May 26

Running a HTTP Server

Python has a built in server. It's a simple server server and shouldn't be used in a production environment, but it's great for testing, and for small tasks on an internal network. To run the server folllow these instructions.

  1. open a command prompt
  2. navigate to the directory with your website
  3. run the command python -m SimpleHTTPServer 80
  4. or in Python 3 run python -m http.server 80

That's it. If you go to your ip address in a web browser you should be able to see your website.

How it works

The -m switch tells python to look for a module with the specified name and run it. SimpleHTTPServer is a built in module that when run directly, instead of being imported will start up a server. It is also possible to run the server from within a python file, but at that point you may want to use BaseHTTPServer instead of SimpleHTTPServer. The 80 at the end of the command is the port to run on. Port 80 is the port used for websites.

June 1

Modifying Exceptions

Python exceptions can be customized in a few ways
At any time you can get a traceback of the stack by doing sys.exc_info[2]
you can then use that traceback later on in an exception by raising the exception like so
raise Exception, "My exception message", previously_saved_traceback
This can be useful if the traceback originated in a different thread and you want to preserve the traceback, or if you don't want to include some cleanup or exception handling code as part of the traceback, however, you must be very careful to preserve the origin of the exception when you mess with the traceback.
When you catch an error you can change the message displayed like so

except Exception as exc:
   raise exc, str(exc) + "additional exception info"

June 8

Protecting Objects

If you want to keep people from messing with your objects delete the __setitem__ function

del DataSet.__dict__["__setitem__"]

June 13

Useful 3rd party Python Libraries

Awesom External Libraries
1 Requests
2 Karrigell
3 Lxml
4 Blender API

June 16


dict(d, **d2) #combines two dictionaries together
d.setdefault('lists',[]).append(d2) #inbeds a list of dictionaries in a dictionary

July 21

Add a function to a object

def add(self, func, obj):
    '''add function func to the object obj'''
    assert func.__name__ not in obj.__dict__, 'function already added'
    setattr(obj, func.__name__, func)

August 29

Using parenthesis

use parenthesis instead of using backslashes at the end of lines when wrapping code onto multiple line

def illogical_logic():
    if (
            True or False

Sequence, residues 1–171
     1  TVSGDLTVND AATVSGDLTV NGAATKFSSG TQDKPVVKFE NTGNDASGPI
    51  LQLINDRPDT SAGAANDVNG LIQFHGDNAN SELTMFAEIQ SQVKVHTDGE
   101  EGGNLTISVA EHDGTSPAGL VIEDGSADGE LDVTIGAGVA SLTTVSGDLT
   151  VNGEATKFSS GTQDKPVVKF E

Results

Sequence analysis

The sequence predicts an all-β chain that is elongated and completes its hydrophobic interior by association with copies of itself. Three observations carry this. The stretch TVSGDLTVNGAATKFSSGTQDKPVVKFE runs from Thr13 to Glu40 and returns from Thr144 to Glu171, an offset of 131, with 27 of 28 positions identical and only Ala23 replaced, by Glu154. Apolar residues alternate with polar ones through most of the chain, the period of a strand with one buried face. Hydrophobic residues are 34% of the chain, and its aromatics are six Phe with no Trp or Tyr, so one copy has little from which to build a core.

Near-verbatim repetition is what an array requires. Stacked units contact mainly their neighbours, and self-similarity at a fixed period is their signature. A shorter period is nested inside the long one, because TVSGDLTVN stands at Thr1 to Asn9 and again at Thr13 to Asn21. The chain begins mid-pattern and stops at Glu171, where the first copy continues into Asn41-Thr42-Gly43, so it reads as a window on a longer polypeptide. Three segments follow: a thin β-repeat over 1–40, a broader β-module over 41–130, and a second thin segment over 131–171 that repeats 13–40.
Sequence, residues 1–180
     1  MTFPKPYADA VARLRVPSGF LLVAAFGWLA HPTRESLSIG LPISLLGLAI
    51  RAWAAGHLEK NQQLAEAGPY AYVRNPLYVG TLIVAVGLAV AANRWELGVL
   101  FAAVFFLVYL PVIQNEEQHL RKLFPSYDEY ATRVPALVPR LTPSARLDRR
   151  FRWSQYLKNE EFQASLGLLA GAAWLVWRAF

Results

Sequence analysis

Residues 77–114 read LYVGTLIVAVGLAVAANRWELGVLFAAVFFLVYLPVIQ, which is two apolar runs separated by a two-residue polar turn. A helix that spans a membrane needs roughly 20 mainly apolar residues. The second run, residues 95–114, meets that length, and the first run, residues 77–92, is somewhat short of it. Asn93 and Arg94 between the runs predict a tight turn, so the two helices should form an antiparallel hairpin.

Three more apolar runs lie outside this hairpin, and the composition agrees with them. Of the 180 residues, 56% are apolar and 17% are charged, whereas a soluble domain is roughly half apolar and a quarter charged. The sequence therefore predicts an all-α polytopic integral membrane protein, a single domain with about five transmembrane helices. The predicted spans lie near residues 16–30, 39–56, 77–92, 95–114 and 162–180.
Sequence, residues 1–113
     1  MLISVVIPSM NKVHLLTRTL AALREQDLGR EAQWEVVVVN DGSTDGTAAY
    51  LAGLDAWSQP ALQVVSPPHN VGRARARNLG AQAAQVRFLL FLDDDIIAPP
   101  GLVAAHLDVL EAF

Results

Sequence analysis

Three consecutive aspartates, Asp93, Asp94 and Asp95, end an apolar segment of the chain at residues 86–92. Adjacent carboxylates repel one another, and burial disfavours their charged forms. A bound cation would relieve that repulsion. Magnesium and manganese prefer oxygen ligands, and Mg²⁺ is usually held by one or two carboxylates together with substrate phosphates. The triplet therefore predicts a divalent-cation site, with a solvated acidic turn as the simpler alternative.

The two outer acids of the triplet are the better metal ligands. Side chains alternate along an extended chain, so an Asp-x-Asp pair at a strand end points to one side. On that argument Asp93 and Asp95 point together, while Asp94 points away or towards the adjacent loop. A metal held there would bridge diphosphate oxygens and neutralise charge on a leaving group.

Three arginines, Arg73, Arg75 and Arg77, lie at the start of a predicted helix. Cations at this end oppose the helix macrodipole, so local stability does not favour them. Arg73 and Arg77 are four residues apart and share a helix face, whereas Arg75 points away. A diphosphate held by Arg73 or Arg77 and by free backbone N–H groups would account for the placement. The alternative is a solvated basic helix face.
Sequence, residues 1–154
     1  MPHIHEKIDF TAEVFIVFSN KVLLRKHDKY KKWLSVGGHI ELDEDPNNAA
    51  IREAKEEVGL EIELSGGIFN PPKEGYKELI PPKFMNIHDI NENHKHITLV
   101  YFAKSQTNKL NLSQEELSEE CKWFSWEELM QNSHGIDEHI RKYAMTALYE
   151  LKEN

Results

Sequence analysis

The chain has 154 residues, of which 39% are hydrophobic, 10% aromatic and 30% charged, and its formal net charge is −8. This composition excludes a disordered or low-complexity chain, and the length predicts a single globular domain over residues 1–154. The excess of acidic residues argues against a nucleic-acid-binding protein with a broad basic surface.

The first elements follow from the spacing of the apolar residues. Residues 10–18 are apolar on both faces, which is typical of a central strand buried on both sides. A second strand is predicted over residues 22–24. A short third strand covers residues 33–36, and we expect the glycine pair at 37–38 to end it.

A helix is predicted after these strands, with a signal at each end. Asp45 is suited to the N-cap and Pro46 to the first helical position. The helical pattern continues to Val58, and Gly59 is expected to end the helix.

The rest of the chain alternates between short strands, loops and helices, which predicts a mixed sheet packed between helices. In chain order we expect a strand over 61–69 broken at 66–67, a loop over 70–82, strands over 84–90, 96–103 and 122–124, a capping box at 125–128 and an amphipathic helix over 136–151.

and True or True
            and False or True
            and False or False
        return True

def logical_logic(sub):
    ret = (
              sub in
              'this is a '
              'very very very'
              'very very long'
    return ret

August 30

Love of Python

    >>> import this
    >>> love = this
    >>> this is love
    >>> love is True
    >>> love is False
    >>> love is not True or False
    >>> love is not True or False; love is love

September 19

When to use exceptions, asserts, and logical error handling statements

Returning False

Don't return False when something goes wrong. Return False when indicating state for example an in_good_state() or a logged_in() function should return True or False.

Using Asserts

Use assert statements for your internal logic that you don't expect the user of your API to have to handle. These are only there as a warning to alert you as soon as possible if the code is misbehaving.

Raising Exceptions

For any other circumstances use an exception


import time
import requests

class WebSiteAPI():
    def __init__(self):
        self.sessions = {}

    def login(self, user, passwd):
        timeout = 10

        if user not in self.sessions:

Using an assert

 #here we are testing internal logic that we don't expect to ever need to be handled
 #so we use an assert statement
 assert user in self.sessions
        #log in the user, '',
                  params={'username': user, 'password': passwd})

        #make sure the login was successful
        for i in range(timeout):
            if self.logged_in():

Raising an exception

     #it is likely the user of our API would want to take action
     #if we timeout so we use an exception here
     raise TimeOutError('failed to login %s with the password %s' % (user, passwd))

Returning state

    def logged_in(self, user):
        '''checks if the indicated user is logged in'''
        #returning false should be done with functions that indicate state,
        #not because something went wrong inside a function
        if user not in self.sessions:
            return False
        if user in, ''):
            return True
            return False
    def add_user(user):
        '''creates a new session for the user passed into this function
        the session will persist cookies across different api calls'''
        self.sessions[user] = request.session()

    def call(user, url, *args, **kwargs):
        '''performs an api call
        for each user who calls this function the cookies for that user
        are remembered, kept, and reused the next time that user calls this function'''
        return self.sessions[user].get(url, args, kwargs).content

class TimeOutError(Exception):

using the above WebSiteAPI class

api = WebSiteAPI()
my_user = 'mrme'
api.login(my_user, 'awesome_password'), '')

Further reading

Exception handling best practices

Using assert statements

purpose of an assert statement

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